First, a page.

Harland Miller’s Hong Kong debut
Harland Miller makes his Asia debut with a new collection that represents an experimental and exciting phase in his career. The collection, featuring new paintings, drawings and prints, includes Miller’s iconic book cover in print and paint. The pieces are a celebratory exploration of the very form and essence of text. Letters become sculptural building blocks, while the paint is given greater freedom and looser quality reminiscent of the Abstract Expressionism of the 1960s. His works are funny, dark and nostalgic, while the freedom of the forms, the blurred lines and dripping paint remind me of the beloved and well-read books of my childhood.
After achieving critical acclaim as a writer, In 2001 we first paid witness to Miller’s Penguin book-inspired works. He married abstraction, pop-art and expressive painting, with his writer's love of the written word. Since then he has pushed this theme further year on year. This, his latest collection, takes this love affair further still, using delicate watercolours and brash words, Miller pushes pigment and text to new heights.
The exhibition is divided across two floors of the stunning gallery space. The ground floor features a series of new large scale paintings that employ his iconic book cover template and a pop-art palette. The very shape of the letters, their curves and edges form the landscape of these new works. He turns letters into almost sculptural abstract shapes. The result is a kaleidoscopic image made up of colour blocks that resemble overlaid slides. The words and titles he uses have become even freer and incongruous, words like ‘boss’, ‘sin’ and ‘luv’.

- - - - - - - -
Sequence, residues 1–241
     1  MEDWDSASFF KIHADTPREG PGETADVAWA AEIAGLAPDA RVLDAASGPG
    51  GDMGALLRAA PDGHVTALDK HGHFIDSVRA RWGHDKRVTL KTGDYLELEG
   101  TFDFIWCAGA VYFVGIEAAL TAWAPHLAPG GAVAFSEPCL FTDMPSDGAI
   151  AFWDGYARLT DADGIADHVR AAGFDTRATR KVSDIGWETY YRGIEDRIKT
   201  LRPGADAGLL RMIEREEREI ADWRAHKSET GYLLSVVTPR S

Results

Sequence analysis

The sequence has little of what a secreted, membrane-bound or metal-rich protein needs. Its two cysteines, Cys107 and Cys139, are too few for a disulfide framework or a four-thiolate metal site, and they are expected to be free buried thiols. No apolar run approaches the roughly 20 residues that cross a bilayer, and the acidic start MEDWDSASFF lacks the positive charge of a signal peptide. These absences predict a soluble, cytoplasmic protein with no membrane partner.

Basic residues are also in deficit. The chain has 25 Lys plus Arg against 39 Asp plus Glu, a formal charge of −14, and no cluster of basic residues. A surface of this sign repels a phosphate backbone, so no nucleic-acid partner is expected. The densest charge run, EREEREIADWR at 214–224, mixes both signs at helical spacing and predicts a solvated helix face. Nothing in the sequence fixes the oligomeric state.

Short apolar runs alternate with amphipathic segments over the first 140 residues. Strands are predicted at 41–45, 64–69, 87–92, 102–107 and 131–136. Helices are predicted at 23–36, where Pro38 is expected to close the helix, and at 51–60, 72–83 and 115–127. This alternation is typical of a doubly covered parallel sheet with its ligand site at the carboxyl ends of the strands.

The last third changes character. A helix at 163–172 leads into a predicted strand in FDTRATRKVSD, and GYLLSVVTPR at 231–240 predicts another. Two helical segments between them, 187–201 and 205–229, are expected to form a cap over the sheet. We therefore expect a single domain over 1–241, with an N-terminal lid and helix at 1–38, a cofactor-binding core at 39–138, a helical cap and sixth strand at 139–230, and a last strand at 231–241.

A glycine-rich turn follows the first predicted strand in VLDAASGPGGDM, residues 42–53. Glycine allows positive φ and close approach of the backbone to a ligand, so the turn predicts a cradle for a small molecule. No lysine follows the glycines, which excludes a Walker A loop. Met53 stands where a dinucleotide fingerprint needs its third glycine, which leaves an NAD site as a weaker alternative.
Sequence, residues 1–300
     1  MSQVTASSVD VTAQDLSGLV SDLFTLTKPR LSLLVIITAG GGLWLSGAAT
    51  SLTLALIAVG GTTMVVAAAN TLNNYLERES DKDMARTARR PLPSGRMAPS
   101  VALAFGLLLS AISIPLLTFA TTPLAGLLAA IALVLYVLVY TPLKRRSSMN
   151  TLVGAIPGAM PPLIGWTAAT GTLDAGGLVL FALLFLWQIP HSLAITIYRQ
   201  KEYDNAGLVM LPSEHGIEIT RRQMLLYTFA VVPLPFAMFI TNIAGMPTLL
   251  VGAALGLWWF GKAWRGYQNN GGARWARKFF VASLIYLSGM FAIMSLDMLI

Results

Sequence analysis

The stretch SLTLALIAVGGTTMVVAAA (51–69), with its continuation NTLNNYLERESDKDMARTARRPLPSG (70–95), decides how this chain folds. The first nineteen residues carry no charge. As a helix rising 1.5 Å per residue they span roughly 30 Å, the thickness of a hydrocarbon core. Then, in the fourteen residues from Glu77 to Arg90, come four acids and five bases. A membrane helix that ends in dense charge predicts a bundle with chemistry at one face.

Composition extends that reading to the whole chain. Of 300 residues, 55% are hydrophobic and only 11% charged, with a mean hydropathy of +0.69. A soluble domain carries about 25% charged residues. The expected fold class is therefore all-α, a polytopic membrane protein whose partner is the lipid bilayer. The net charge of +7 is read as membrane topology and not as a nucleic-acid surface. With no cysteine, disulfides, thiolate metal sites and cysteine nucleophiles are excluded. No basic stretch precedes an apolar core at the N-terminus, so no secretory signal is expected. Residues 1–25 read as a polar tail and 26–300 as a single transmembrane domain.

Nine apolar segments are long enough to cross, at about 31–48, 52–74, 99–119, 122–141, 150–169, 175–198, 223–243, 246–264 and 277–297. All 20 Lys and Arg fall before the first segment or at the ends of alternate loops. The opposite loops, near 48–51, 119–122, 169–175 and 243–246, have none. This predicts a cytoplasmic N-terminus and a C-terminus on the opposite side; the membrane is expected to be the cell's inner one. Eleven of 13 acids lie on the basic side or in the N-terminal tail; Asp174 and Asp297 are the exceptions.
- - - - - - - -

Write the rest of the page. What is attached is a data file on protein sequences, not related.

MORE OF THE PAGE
Inspired by 60-70s magazine covers and psychology books - Miller playfully combines several unlikely visual tropes and uses disparity to delight and unsettle the viewer. The book meets the scale and techniques of fine art, the magazine cover is transported from a coffee table to a white cube. By masking and distorting meaning, Miller creates a new language of his own, signing his name as ‘author’. The exhibition also includes a new and unusual series of delicate and gestural watercolours, in which Miller drags the paint across the canvas, throwing sharp lines into a free and almost chaotic relief.
The first floor is dominated by small scale paintings that also feature overlaid letters, but the style refers to the Abstract Expressionism of the 1960s. Inspired by Jasper John’s series ‘0 through 9’ (1960-9), The focus is upon the textures and imperfections of the paint itself. These represent a furthering of his steady shift towards abstraction and experimentation. Miller has stripped back the wordplay to focus more closely on the visual quality of his subject and his tools.
While these pieces are stylistically new, his dry sense of humour is ever-present, he continues to challenge the status quo that decrees ‘humour is a no no, nostalgia is a no no’. The titles have become shorter, and the covers more abstract, but his unique and telltale style remains.